So what does this have to do with anything?  Whether you are a mom with young kids at home or are in direct sales with a growing, we can all learn a lesson from the bull dog.

Kids and our teams are like bull dogs. No matter how much we try to inspire them or  motivate them, it is something that happens on the inside.  As leaders, we need to lead by example.  No one person is BORN into leadership. Let me tell you that I was glad to hear that because I never really thought of myself as a leader.  There are traits that are common to ALL leaders and if you have at least one or two of these traits – YOU are leadership material. This was an AHA moment for me. Cast those doubts aside and let’s see if you have any of these traits:

  • Do you share the vision? Can you share the vision of the company, your upline and your personal vision?
  • Do you see the potential in others? Are you always looking for the positives in others? Do you encourage them?
  • Are you humble in whatever role you have?
  • Do you DREAM BIG knowing that no idea is crazy?
  • Do you believe in yourself?

Here is one more way to visualize yourself as a leader – consider the people who have made a positive impact on your life, who have inspired you, who have become a mentor for you. Write them down along with three of their personality traits. What are some of the common traits that they had – kind, strong, independent, positive attitude. So, as I look to grow my team this year wider as well as deeper, I am going to look at my ENTIRE team to see if I am missing any potential leaders.

 “Failure is an event not a person and can change at any moment”.

So, TRUST your instincts, TAME your inner bulldog and DISCOVER the leader in you! So, who is ready to GROW into leadership? Remember that the greatest leaders seek the advice of others and don’t have to have all of the answers!

Have a ThirtyOne-derful day!

Business Tips and Tricks, Hope Wissel

Traits of a Great Leader

For those of us in direct sales, we know that the best way to grow your business is to recruit, right?  When you recruiting numbers are down, or when your team is not interested in promoting, do you wonder if you are a good leader?  Don’t be discouraged, you can turn things around.

We have heard a million times that “If you want to be a leader who attracts quality people, the key is to become a person of quality yourselfLeadership is the ability to attract someone to the gifts, skills and opportunities you offer as an owner, as a manager, as a parent. Jim Rohn calls leadership the great challenge of life.”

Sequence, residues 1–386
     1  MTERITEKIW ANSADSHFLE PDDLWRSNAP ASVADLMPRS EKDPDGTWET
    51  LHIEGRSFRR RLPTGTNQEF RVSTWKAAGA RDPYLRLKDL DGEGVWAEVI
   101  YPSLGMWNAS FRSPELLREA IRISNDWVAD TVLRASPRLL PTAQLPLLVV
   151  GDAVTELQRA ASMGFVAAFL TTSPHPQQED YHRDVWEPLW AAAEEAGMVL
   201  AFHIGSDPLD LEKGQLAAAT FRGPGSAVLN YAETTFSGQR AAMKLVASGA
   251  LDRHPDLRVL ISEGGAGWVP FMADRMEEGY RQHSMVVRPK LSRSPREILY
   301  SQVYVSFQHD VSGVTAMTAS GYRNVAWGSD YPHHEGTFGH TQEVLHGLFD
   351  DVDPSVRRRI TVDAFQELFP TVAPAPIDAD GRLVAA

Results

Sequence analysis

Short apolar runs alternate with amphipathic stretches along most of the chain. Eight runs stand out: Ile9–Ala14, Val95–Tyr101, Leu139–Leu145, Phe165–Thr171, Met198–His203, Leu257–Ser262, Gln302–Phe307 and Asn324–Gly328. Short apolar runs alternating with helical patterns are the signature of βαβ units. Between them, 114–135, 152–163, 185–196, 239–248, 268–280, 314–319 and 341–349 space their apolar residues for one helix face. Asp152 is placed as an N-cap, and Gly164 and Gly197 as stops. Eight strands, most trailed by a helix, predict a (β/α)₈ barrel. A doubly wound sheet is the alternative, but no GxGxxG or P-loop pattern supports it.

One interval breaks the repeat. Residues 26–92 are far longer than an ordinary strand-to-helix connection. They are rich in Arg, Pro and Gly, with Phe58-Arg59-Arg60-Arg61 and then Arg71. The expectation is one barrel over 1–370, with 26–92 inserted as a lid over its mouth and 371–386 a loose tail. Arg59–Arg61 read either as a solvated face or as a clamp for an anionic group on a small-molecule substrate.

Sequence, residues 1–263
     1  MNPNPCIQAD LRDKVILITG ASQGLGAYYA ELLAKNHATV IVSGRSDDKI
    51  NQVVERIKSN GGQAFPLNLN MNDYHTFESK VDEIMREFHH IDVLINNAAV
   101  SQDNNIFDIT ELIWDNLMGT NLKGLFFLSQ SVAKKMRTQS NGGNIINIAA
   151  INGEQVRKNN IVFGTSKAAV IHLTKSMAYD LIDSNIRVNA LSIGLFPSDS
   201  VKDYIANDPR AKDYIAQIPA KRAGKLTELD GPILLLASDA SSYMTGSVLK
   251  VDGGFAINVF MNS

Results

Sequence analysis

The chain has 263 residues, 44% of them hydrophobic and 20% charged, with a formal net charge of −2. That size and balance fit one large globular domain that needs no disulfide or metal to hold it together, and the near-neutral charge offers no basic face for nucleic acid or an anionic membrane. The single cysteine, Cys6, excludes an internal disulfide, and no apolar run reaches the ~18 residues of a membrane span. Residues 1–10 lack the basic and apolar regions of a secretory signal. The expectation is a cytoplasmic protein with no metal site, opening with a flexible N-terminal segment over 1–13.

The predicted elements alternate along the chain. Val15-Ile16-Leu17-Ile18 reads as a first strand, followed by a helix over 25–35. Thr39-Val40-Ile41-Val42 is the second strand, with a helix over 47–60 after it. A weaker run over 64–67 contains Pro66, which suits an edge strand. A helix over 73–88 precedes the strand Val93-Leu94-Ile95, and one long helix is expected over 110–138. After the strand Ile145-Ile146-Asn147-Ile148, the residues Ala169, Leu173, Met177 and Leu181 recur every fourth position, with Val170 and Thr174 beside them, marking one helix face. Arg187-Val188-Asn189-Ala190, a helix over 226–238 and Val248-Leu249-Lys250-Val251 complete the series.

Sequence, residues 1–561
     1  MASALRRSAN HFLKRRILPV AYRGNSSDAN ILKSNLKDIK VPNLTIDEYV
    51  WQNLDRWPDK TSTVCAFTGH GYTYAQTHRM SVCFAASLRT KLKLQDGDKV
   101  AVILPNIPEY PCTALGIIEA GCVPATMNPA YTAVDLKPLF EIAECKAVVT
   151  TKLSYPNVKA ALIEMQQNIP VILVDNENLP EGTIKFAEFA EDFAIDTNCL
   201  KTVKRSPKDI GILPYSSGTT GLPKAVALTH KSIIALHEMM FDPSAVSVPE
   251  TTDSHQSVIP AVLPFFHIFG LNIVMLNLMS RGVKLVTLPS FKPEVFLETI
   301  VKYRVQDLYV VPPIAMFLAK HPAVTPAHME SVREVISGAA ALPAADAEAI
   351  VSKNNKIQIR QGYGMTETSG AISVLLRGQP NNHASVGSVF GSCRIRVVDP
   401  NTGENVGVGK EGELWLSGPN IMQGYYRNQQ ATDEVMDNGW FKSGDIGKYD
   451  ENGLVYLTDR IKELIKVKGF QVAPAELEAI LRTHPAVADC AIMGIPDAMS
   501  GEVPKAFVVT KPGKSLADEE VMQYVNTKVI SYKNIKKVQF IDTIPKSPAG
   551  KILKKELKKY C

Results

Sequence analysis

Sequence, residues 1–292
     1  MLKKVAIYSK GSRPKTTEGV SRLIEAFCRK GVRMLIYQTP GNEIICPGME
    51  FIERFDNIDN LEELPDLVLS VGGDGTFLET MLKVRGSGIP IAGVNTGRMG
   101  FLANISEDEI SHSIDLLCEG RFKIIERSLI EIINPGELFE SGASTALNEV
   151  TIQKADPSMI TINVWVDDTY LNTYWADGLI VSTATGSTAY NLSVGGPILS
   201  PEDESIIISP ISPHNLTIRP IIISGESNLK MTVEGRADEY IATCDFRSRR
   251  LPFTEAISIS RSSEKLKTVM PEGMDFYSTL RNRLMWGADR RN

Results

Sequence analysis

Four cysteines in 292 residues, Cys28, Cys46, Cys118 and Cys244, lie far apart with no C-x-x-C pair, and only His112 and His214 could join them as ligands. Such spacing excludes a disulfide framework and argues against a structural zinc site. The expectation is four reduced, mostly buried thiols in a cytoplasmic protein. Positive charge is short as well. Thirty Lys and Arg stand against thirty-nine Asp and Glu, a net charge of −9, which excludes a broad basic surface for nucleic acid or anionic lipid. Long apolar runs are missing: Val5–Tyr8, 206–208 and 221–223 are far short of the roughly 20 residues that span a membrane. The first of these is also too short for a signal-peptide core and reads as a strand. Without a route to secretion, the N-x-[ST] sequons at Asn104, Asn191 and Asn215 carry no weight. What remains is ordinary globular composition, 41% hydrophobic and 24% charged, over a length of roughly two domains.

How do you become a good leader?  Here are traits of a great leader courtesy of Success magazine

1. Learn to be strong but not rude. Some people mistake rudeness for strength. It’s not even a good substitute.

2. Learn to be kind but not weak.  Kindness is a certain type of strength. We must be kind enough to tell somebody the truth. We must be kind enough and considerate enough to lay it on the line. We must be kind enough to tell it like it is and not deal in delusion.

3. Learn to be bold but not a bully.  To build your influence, you’ve got to walk in front of your group. You’ve got to be willing to take the first arrow, tackle the first problem, discover the first sign of trouble.

4. You’ve got to learn to be humble but not timid. You can’t get to the high life by being timid. Humility is a grasp of the distance between us and the stars, yet having the feeling that we’re part of the stars. So humility is a virtue, but timidity is a disease. Timidity is an affliction. It can be cured, but it is a problem.

5. Be proud but not arrogant. It takes pride to win the day.  But the key to becoming a good leader is being proud without being arrogant.

6. Develop humor without folly. In leadership, we learn that it’s OK to be witty, but not silly. It’s OK to be fun, but not foolish.

7. Deal in realities. Deal in truth. Just accept life like it is. Life is unique. Skills that work well for one leader may not work at all for another. But the fundamental skills of leadership can be adapted to work well for just about everyone: at work, in the community, and at home.

These traits can be learned or fine tuned if you already have them.  Some you may already have while others you think you will never possess.  Are you doomed to not being a good leader, if you don’t have all of these traits – NO!  You may need to work a little harder but you can still be a success.

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Whose life will you influence today?

Have a ThirtyOne-derful day!